If you ask any person today, if they support feminism or not, the answer mostly expected is “Yes, I do”. However, if you ask the very same person about its definition or meaning, he may not able to explain it. Because feminism like all trending things is blindly followed. But what more important is, knowing it’s meaning and understanding it thoroughly. Then only, one can work upon its subject and goals. So, here is a list of frequently used 15 words, which are related to feminism.

1. PATRIARCHY:

   A society, or mentality where leading power is male.

via – mynet

2. SEXISM:

    A belief that a specific gender is superior to the others.    

via – AIESEC

3. CONSENT:

   To ask for permission to do something.    

via – yousense

4. MISOGYNY:

  Dislike of or prejudice against women.

via – slideshare

5. MISANDRY

 Dislike of or prejudice against men     

via -entrylevel

6. GYNOCENTRISM:

  Exclusive focus on women in any theory or literature.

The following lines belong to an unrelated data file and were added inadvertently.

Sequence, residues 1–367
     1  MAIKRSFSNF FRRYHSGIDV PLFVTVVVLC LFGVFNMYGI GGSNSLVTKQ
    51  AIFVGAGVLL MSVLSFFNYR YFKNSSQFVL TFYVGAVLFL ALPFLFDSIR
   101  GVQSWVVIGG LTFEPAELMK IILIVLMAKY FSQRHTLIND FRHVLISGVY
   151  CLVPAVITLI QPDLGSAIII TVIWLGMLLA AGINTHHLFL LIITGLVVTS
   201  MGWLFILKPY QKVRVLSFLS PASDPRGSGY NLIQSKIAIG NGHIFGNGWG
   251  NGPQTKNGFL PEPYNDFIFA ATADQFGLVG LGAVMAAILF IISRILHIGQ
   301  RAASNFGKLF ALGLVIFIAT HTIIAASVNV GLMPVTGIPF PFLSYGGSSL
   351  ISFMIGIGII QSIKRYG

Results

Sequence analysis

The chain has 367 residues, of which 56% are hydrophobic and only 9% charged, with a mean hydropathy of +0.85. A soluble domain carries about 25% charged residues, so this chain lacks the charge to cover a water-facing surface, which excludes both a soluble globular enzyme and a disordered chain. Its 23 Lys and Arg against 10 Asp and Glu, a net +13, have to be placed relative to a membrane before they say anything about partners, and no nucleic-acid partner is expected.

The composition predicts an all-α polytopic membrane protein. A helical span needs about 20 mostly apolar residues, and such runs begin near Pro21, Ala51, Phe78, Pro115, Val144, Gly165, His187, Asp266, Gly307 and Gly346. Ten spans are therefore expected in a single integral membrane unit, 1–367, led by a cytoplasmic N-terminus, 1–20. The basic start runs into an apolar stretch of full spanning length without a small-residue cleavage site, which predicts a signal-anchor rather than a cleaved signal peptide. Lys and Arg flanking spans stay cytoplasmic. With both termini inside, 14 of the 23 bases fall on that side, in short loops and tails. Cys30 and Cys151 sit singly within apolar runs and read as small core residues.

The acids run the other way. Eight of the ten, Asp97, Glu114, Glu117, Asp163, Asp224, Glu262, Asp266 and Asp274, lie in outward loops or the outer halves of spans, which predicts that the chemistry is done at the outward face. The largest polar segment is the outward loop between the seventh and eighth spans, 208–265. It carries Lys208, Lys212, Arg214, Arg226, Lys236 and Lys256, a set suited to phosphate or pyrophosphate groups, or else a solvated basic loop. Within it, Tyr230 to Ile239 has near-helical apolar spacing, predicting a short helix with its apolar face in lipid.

via – genisro

7. MISOGYNOIR:

    Misogyny against black women.

via – utilitywise

8. PHALLOCENTRISM:

 It is a theory given by Ernest Jones, that phallus or male organ being the central element in the organization of the social world.                       

via – humanresourceonline

9. S.W.E.R.F

 ‘SEX WORKERS EXCLUSIONARY RADICAL FEMINISTS’, referring to feminists who say prostitution oppresses women.     

via – picswe

10.WOMEN OF COLOR:

     Political term to describe colored women.

via – youlady

11. FEMINISATION OF POVERTY:

The economic gap between men and women.  

via – oracleboss

12. DOUBLE BURDEN;

     The workload of people for unpaid domestic work.

via – topsimages

13. RAPE SCHEDULE:

 A change in the day to day life, i.e., daily schedule, because of constant fear of sexual assault. For example, not going out in the night or not wearing short clothes unwillingly.               

via – uni.news

14. GLASS CEILING:

 A barrier, that keeps a given demographic, from rising beyond a certain level of the hierarchy.

via – stemcareer

15. REPRODUCTIVE JUSTICE:

  Freedom of having or not having children and looking after him/her after birth.

via – audioboom
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